He’s Red Green, and he can stop touring if he wants to, we guess

PHOTO COURTESY OF RED GR— ... UM, STEVE SMITH A publicity photo for the “This Could Be It” tour. The toe tag is premature.

Steve Smith has made a career out of playing, well, Steve Smith.

More accurately, he’s been, for most of 40 years, his signature character — Red Green.

And Red is back on the road this year in what Smith hints could be the final public appearances for his alter ego.

Red Green began as a spoof of Canadian television fishing show legend Red Fisher, while Smith and his wife were hosts of a variety show — Canada’s Sonny and Cher, if you will. That 1979 series eventually gave birth to The Red Green Show, originally a local-market sitcom in Hamilton, Ontario, and then eventually a huge hit — by public television standards — in the United States.

Stations such as WBGU-TV, which are seen on local cable and satellite systems, aired the final 10 seasons of the show’s 15-year run. The TV version is finished (reruns are aired at 11 p.m. Saturday on WBGU), but Smith is taking Red Green on the road again.

He is to be at The Ritz Theatre in Tiffin at 7 p.m. March 25.

Smith is not afraid to tell fans when it’s the end; he pretty much said in the 14th season of his show that there was one more coming, and held to it. That’s why his “This Could Be It” tour really could be it.

“It’s possible — that’s why the word ‘could’ rather than ‘is,'” he said. “Look at my birth certificate and there’s some clues in there.”

“I’ve always had a history of not being the last one to leave the party. Maybe it’s time to make an exit — that’s what I did with my TV show and maybe that’s what I should do with touring,” he said.

The tour isn’t, he said, geared to promote his latest book. And he insists doing more TV is out of the question.

But, he said, “I didn’t expect to enjoy the live performing as much as I have. It’s very personal, immediate and it’s irrefutable.

“This is my fourth tour, and every time we do a tour, the average age of the audience decreases. There are kids that come that don’t even know the show was on television,” he said.

The new show includes a few new features, such as an apology on behalf of all baby boomers to the current generation. Some of the characters from the TV show will phone in, he said, and he’ll unwrap a surprise ending involving a wish for the audience.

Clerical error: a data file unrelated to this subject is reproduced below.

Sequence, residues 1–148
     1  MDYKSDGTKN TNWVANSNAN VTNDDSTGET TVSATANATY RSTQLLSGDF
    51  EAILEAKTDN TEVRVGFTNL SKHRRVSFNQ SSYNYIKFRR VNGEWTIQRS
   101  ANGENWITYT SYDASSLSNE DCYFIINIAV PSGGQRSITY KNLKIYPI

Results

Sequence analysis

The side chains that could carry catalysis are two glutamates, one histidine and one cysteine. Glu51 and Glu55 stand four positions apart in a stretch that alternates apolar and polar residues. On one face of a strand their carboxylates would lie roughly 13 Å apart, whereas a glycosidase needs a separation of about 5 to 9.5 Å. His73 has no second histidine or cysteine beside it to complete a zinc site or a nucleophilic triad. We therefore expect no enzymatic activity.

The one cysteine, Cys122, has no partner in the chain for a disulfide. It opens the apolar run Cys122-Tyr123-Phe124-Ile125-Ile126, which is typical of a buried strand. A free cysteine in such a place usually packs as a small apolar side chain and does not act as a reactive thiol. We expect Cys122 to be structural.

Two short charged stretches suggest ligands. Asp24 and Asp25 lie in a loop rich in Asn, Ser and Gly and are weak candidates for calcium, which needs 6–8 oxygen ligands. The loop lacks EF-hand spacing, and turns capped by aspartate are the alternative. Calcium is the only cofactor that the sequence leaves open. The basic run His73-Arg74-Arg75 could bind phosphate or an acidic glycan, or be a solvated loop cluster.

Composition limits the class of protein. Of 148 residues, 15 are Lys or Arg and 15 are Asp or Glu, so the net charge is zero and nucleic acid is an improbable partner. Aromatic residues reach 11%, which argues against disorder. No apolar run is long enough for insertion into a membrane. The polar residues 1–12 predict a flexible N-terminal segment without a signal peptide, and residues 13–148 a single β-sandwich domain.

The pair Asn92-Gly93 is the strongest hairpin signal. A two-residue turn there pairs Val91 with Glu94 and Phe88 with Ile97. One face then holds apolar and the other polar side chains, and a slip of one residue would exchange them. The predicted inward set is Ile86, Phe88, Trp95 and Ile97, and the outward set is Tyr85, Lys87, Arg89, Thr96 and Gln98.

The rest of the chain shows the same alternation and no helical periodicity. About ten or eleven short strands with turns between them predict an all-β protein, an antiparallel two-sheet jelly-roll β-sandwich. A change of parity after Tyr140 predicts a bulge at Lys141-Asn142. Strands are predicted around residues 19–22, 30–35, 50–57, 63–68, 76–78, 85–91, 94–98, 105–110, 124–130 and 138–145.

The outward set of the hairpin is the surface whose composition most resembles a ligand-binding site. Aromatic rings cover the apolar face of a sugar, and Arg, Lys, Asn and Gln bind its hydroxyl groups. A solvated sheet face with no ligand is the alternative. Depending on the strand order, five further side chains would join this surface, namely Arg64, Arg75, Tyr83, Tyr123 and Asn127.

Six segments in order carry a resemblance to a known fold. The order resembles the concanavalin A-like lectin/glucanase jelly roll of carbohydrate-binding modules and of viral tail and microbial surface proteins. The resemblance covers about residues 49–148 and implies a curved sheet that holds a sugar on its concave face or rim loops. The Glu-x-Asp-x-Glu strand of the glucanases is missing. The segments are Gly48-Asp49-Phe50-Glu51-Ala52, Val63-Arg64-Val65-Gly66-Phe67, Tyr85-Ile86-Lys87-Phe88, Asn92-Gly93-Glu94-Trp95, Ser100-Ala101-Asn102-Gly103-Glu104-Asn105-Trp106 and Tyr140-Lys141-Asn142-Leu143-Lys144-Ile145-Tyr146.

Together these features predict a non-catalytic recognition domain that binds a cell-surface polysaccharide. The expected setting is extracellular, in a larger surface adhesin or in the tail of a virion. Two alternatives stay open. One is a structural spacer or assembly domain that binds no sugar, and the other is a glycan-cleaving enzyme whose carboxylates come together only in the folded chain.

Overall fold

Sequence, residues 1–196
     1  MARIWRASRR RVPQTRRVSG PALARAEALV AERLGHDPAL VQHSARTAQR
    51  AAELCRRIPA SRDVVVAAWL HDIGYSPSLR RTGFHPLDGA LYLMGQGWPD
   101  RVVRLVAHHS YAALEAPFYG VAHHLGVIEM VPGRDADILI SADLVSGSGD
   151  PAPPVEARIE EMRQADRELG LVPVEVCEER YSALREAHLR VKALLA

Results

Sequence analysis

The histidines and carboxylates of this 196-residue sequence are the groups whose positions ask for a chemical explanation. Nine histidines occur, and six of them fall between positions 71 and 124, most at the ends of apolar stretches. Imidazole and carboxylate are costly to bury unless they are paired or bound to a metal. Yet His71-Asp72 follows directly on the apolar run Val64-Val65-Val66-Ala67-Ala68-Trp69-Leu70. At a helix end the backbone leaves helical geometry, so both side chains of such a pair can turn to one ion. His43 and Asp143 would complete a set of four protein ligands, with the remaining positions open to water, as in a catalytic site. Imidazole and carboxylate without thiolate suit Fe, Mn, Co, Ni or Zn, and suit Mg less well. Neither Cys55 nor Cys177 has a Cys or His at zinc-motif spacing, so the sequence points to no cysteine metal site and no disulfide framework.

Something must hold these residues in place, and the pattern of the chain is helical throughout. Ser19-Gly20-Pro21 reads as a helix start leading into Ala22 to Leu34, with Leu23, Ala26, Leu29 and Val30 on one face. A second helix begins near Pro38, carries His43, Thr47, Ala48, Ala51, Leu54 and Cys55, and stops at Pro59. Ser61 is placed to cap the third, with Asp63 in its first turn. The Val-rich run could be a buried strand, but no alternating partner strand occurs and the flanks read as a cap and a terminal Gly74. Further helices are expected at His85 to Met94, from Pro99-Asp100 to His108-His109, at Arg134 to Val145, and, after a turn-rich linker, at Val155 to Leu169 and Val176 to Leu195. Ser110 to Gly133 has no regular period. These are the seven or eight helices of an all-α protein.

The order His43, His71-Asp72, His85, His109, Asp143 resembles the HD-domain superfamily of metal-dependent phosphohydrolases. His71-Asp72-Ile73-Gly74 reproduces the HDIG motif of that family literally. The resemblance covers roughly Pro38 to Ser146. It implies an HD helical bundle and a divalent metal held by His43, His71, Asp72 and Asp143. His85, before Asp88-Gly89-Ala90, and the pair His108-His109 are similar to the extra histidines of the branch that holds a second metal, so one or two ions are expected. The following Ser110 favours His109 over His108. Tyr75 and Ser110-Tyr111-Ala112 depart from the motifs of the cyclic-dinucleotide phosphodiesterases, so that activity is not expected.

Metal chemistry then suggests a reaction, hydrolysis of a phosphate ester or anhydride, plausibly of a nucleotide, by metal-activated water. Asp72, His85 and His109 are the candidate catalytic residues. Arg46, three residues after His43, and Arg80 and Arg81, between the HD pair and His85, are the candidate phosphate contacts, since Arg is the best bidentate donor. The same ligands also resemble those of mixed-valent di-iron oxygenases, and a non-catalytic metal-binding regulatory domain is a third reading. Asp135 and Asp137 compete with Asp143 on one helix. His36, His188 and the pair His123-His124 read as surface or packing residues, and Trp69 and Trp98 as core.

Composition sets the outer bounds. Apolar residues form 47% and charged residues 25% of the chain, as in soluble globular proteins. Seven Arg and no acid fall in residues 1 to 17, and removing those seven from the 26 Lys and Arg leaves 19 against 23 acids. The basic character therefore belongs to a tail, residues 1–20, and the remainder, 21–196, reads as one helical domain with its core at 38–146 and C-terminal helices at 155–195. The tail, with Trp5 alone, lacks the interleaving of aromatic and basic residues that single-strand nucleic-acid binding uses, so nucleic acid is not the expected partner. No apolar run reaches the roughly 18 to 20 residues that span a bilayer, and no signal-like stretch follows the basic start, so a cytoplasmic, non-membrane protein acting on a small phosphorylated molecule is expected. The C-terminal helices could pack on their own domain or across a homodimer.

“I had to do this one as if it was going to be my last, to give me a chance to wrap up a few things,” he said. “I’m looking forward to doing it. I think this is going to be the best one yet.”

A live performance of Red Green is comparable in some ways to a Renaissance festival and in others to the “Rocky Horror Picture Show” — a lot of fans dress the part, even if it’s only a flannel shirt and the signature two-color suspenders.

“It’s a compliment,” Smith said. “Whenever you’re doing something and you create a character on television, you expect your fans will look like that guy because they relate to that guy. What you don’t expect are the daughters of that guy to come up and say hello and tell you that this is the show they watched with their dad.”

Or in simpler terms, “Maybe it’s just so weird that if you like it, there’s nowhere else to find it.”

Red Green and the other denizens of Possum Lodge are played by actors — Smith sort of disagrees — but the roles were cast to take real traits of the performers and make them comfortable on the set.

“I’m really not an actor, and as soon as I stop being Red Green it will become obvious,’ Smith said.

“It’s really just an extension of the creative process. Everything Red Green says and does comes from within me.

“There aren’t a lot of people in Canada, so there aren’t a lot of actors. We started with what we thought were their natural abilities and then just exaggerated them.”

Smith calls himself fortunate — but then, he also calls himself the Colonel Sanders of comedy, a reference to the famous restaurateur starting at an advanced age.

“I’m very fortunate — it took me a long time to find my niche,” he said. “I started Red Green (the show) when I was 45 years old — your career’s supposed to be pretty much done by then. The show’s been off the air for 12 years and it’s still alive.”

He put the entire run on YouTube, and it’s also back on cable in the U.S. through the Heartland Channel. Part of his success on this country, he says, is because he knows he’s appealing to a niche audience.

“I’m not a mainstream comedian or comic or writer. If you put me in front of 100,000 people who don’t know me, probably 80,000 of them won’t care for what I’m doing. But there will be 5,000 who just love it,” he said. “I think a lot of Americans don’t even realize the show’s from Canada — they think I’m doing this out of Minnesota or something.”

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